You've just released your first picture book, The Remember Balloons. How did you come up with the idea for your book?
While visiting my grandfather a few summers ago with my kids, I decided to write a picture book about Alzheimer's. He was diagnosed about five years ago. I wanted to make the disease, which is confusing, more accessible to children.
When I started writing the book, it was a straight-forward tale of a boy and his grandfather. But then inspiration struck—I thought of memories as balloons. (I'm a sucker for metaphors.) The boy's grandfather struggles to hold onto his balloons as he ages. The boy tries to catch them, but he can't. Yet, he finds another way to reclaim the balloons that his grandpa has lost.
I wrote the rough draft of this book in an afternoon—which is unique for me. I struggle a lot with endings. Yet with this manuscript, I had a beginning, a middle, and an end in one sitting. Of course, since then, the manuscript has gone through several revisions. While I had the basic structure, there were many more changes to come.
What do you expect readers to take away from that book?
What writing experience/credits did you have prior to writing that book?
This is my first published piece—although I did spend years before this trying to get published!
How has being active in SCBWI helped you in getting published?
Ten years ago, I had just decided I wanted to be published. I'd written off and on for years, but this time I needed direction. I remember attending an author talk of a book I had just read—Elizabeth C. Bunce. I found out she was teaching a workshop and attended. That was my first experience with SCBWI.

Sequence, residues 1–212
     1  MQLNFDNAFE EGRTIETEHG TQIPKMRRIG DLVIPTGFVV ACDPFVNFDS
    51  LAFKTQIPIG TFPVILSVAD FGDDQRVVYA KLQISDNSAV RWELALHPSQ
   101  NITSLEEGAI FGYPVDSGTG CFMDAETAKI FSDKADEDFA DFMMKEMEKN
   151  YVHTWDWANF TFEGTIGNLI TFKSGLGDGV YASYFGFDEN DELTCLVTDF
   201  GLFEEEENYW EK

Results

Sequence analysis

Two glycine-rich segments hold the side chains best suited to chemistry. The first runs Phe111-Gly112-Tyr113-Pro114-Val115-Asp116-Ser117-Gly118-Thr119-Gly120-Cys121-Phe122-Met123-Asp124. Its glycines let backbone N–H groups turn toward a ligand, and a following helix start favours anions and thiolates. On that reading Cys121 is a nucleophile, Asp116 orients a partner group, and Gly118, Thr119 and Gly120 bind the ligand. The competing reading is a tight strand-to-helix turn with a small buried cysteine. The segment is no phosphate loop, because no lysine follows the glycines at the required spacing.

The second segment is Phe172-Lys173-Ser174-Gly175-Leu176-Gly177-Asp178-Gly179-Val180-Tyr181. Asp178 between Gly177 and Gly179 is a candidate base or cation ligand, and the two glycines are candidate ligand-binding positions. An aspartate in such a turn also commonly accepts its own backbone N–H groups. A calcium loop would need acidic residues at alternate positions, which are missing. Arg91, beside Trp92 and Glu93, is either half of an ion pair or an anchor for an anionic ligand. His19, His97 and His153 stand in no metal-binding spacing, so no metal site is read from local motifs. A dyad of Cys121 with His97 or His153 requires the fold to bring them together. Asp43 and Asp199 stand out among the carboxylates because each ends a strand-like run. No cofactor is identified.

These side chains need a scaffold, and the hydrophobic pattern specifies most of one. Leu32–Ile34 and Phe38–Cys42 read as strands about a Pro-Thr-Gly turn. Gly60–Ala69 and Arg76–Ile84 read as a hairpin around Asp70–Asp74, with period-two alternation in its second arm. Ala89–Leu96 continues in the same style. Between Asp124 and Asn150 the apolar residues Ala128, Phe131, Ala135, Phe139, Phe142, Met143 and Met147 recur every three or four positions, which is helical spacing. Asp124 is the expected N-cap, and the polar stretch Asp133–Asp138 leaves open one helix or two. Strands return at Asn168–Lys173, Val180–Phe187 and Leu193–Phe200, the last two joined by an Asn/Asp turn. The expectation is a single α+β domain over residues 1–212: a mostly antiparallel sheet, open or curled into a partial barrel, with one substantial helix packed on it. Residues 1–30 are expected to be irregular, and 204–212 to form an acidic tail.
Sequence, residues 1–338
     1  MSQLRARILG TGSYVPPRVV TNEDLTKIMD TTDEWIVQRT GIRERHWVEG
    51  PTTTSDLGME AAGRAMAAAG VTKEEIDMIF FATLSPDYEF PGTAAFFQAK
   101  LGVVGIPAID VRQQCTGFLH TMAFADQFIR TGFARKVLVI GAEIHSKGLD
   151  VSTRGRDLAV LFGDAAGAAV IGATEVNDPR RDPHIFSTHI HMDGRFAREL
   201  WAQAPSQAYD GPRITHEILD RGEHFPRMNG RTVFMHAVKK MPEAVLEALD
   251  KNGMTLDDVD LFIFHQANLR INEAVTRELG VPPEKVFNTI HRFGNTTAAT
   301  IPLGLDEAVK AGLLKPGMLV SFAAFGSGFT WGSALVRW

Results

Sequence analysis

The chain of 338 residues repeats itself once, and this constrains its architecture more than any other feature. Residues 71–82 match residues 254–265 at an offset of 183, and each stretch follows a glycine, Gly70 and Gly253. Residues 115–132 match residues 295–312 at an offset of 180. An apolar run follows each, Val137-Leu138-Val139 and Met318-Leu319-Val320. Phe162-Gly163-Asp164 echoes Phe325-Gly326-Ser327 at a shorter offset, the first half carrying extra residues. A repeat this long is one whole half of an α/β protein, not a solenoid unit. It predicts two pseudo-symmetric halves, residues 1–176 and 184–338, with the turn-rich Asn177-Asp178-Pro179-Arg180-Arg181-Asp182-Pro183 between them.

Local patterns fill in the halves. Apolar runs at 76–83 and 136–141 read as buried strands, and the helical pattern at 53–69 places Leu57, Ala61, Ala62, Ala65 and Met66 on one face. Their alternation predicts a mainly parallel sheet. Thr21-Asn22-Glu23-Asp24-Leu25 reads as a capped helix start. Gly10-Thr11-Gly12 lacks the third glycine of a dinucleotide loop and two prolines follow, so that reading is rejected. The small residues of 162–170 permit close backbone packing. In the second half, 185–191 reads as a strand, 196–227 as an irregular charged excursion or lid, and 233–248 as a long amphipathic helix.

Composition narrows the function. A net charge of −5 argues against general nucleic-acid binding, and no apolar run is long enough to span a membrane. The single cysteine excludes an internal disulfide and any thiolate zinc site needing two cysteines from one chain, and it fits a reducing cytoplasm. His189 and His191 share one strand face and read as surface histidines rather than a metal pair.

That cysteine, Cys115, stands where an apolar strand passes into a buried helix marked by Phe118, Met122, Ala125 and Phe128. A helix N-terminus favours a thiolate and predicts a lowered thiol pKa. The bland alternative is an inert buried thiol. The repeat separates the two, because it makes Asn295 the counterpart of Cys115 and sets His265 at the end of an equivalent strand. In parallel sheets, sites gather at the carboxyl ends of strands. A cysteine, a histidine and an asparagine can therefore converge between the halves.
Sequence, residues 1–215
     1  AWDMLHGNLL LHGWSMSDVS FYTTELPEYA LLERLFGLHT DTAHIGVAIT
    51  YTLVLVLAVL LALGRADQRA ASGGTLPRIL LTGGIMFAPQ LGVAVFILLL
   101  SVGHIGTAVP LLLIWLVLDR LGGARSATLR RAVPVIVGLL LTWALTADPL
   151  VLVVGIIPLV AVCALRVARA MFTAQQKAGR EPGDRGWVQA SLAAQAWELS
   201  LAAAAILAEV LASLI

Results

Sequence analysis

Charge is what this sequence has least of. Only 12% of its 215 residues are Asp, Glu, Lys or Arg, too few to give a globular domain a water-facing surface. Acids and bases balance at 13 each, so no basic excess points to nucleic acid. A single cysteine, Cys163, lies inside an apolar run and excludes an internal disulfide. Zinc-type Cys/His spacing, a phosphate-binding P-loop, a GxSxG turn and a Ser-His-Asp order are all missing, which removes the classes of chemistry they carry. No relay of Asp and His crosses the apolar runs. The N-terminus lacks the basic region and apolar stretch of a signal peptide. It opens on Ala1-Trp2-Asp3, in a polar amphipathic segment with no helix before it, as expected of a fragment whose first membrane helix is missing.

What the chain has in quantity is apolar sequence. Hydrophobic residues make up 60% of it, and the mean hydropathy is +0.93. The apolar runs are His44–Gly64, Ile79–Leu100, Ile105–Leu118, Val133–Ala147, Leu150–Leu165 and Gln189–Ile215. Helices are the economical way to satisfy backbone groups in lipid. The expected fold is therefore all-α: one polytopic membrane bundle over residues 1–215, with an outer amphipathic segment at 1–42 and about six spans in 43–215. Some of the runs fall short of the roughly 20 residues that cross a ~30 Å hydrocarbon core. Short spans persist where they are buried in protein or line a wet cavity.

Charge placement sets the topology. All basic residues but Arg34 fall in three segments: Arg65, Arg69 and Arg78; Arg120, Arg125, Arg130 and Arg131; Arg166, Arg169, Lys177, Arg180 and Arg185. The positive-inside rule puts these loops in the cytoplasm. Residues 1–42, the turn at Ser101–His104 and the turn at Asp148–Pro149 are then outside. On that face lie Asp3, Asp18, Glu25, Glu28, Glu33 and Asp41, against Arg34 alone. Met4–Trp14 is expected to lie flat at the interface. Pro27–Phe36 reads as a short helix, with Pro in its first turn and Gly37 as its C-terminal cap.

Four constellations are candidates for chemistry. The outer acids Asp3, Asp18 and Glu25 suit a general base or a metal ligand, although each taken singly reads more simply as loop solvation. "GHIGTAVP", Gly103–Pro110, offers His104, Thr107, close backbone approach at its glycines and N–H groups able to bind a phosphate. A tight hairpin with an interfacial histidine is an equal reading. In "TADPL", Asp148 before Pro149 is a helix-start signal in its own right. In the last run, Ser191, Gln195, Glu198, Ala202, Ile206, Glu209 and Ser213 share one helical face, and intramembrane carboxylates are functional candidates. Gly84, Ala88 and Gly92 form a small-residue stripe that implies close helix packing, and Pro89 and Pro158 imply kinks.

How did you go about finding a publisher/agent?
After querying for years, I actually found my agent on Twitter. I pitched The Remember Balloons during #pitchmas—a Twitter pitch contest that has since retired from the Twitter scene.
How do you write? Did you do an outline first?
What did your editor harp on you the most in getting this book to publication?
I never felt like my editor was harping. I had two editors. My acquiring editor left Simon and Schuster for another house, and another took on my book. Both editors have been inspiring and patient, offering suggestions and asking questions in all the right places.
What surprised you the most in writing/publishing your first book?
I was surprised by the timeline from contract to publication date. My almost-three-year-old was just four days old when I received the offer. My book released in August. That's about 2 ½ years! But it was a full 2 ½ years, and I'm so happy with the final product!
What frustrated you the most?
What do you know now about writing that you wished you had known sooner?
I think I underestimated the power of reading in your genre early on. This is critical. Even if your book is different, you have to be familiar with what's out there.
What is the best advice you’ve been given about writing or that you’ve learned that you would like to pass along?
Patience. You have your whole life to get published. I know authors, debut authors, who are grandparents. No time is too late. Just enjoy the journey.
Do you have any other works in the process?
I do! I have a picture book biography that is currently on submission. I'm also revising a middle-grade novel.
That’s all for today’s interview. If you’d like to buy Jessie’s book and learn about other upcoming books, here is the link to her website - Jessieoliveros.com.